Sunday, July 31, 2016

An Old Saddle Tap

This is probably not worth a salvage attempt.

This saddle tap was on some copper pipe that I picked up from the roadside while out for a walk. The copper pipe was certainly a worthwhile find, but this tap appears to be past it. I only took it off the pipe out of curiosity.

The valve stem is seized. The gland nut has been tightened down all the way, and it appears to have a crack in it, so the valve is unlikely to ever again be leak-free at the stem. But, it's not as though I have anything better to do, so let's at least examine the thing, and maybe learn something about saddle tap failure.

- - -

Here it is fully dismantled.

The gasket is a ruin -- a replacement could easily be made.

The clamp halves and the 1/4" - 20 fasteners are indestructible, and could be wire-brushed back to a decent appearance.

The valve stem and the gland nut are in rough shape; you can see the crack in the gland nut in the photograph. The valve stem's handle is not meant to be non-destructively removed from the valve stem, so that makes servicing of the valve stem and its packing a challenging proposition.

The valve seat is way down inside, and difficult to see to examine its condition, which is unlikely to be good

But just for the heck of it, I'll see if I can drill the handle off from its swage to the valve stem, and get a look at the valve stem's packing.

- - -

On second thought, maybe not. This thing is truly past it. Here's a close-up view of the valve stem portion. (I managed to get the packing washer to reveal itself.)

That packing washer is probably an item that I'll never be able to get a new replacement for, and re-using the existing one is a pretty iffy proposition.

I've spent enough time on this. I'll salvage the 1/4"-20 screws and nuts, and the saddle halves and toss the rest. Some things are just not worth pursuing.

# # #

# # #

Improving A Cheap Set of Forceps/Tweezers

Over at The Whole Garage Catalogue recently, I posted an item about a cheap pair of forceps/tweezers. Here's the post:

- - -

A Pair Of Forceps/Tweezers Of Some Sort

There's no maker's name on them, and they look cheaply constructed. The pivot is a bit sloppy, and the tips align poorly.

With a bit of work, I could improve the thing, and possibly have a useful tool for something-or-other.

I'll stash these in my spare tools drawer against the day that I feel like getting after them.

# # #

Well, I feel like getting after them. So here's what I need to do to improve this tool:
  • Strip off and possibly replace that rotten sleeving.
  • Reconstruct the sloppy pivot.
  • Align the jaws.

That wasn't difficult to scrape off with a utility knife. The tool is reasonably clean now.

I have some red 3/16" heat-shrink tubing on hand that might make excellent replacement sleeving. That can wait until I've dealt with the pivot and the alignment.

The Pivot

The original pivot was a 1/8" diameter rivet. I cut off its end and discarded it.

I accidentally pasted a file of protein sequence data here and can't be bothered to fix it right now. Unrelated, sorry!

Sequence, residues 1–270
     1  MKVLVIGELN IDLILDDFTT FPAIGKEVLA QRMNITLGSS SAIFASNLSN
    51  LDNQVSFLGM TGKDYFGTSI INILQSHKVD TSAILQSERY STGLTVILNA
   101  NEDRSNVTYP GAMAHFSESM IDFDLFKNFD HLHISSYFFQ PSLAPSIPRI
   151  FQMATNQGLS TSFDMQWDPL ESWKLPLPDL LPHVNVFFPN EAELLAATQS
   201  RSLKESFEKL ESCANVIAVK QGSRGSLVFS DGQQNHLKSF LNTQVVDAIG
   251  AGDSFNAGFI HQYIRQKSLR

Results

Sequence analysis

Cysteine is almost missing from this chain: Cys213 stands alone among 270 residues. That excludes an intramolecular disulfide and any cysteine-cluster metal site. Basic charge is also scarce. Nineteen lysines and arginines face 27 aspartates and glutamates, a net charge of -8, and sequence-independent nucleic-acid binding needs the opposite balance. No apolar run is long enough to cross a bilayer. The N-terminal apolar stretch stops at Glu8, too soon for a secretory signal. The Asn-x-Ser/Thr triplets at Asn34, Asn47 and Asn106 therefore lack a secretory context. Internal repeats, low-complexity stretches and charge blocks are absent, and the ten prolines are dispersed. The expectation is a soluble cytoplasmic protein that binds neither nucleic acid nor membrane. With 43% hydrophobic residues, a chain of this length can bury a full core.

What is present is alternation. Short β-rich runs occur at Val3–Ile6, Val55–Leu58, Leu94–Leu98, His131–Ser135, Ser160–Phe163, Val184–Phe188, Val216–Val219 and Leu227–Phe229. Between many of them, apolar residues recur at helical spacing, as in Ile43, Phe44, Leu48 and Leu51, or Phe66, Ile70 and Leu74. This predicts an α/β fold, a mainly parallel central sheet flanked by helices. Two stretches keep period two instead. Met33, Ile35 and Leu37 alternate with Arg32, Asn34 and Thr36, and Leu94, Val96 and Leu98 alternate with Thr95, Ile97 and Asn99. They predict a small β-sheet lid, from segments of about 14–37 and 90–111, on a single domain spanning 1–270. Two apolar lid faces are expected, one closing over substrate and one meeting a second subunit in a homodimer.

The pivot holes are slightly oversize -- that accounts for the sloppiness that I observed in the pivot's action.

I can drill out the pivot holes slightly to accommodate a 6-32 screw, but there's a caveat regarding the use of a screw as a pivot pin. It's a very poor practice to have a pivot point operate on a screw thread. You want a pivot point to operate on a full rod/cylinder. So, what I need here is a 6-32 screw that has an unthreaded shank portion that's just the right length to serve as the pivot point, while providing thread enough to be fastened by a Nyloc nut.

I have some 1 3/8" long 6-32 hex socket head cap screws with unthreaded shank portions to them, but the unthreaded portions are too long. So, I threaded one of the screws further, and now I have a screw that should serve nicely as a pivot (once I've cut it down to correct overall length). Here's a view of the screws I've just been on about.

At the left is an unmodified screw. At the right is a screw that I've threaded further. That one's going to be my pivot screw.

The pivot holes need to be enlarged slightly to accept a 6-32 screw, and it's important that I get as close a fit as possible so as to minimize slop in the pivot. Consequently, I didn't just go with the conventional 6-32 clearance drill size of 9/64". I miked the screw's shank, and chose a drill size based on that result.

The screw's shank measured 0.135". The closest clearance drill size is No. 29 (0.136"). So I went with a No. 29 drill, and that gave me just the outcome I was after -- a relatively slop-free pivot. Here's a view of it assembled without a nut.

Now I just have to cut the screw down to correct length, add a Nyloc nut, and my improved pivot will be done.

- - -

And here we are.

A slop-free, reasonably tidy pivot.

All that's left is to lubricate the pivot, align the jaws and add new sleeving.

- - -


I've got a decent set of forceps/tweezers from what was a piece of offshore junk. Very satisfying.

# # #

# # #

Friday, July 29, 2016

Material Is Where You Find It

A house painting outfit came by a while ago and asked my wife if they could plant a promotional sign on our front lawn. They were doing that all over the neighbourhood. My wife let them, and the sign stayed for days. The painting outfit never came back to retrieve the sign, and I finally pulled it up and stashed it under the carport. Today it occurred to me to dispose of the thing. Here's a view of the sign.

It's a 32" x 20" plastic sleeve affair draped over a skinny steel rod frame. Take away the plastic sign and here's what's left.

About 90 linear inches of 4.5mm diameter steel rod (about 23/128" -- just shy of 3/16").[1]

It's a bit of an odd diameter, but I might find use for it for something-or-other. The price was certainly right.

- - -


[1] It's undersize for threading 10-24 or 10-32, though I've half a mind to try it and see if I still get a useable result.

# # #

# # #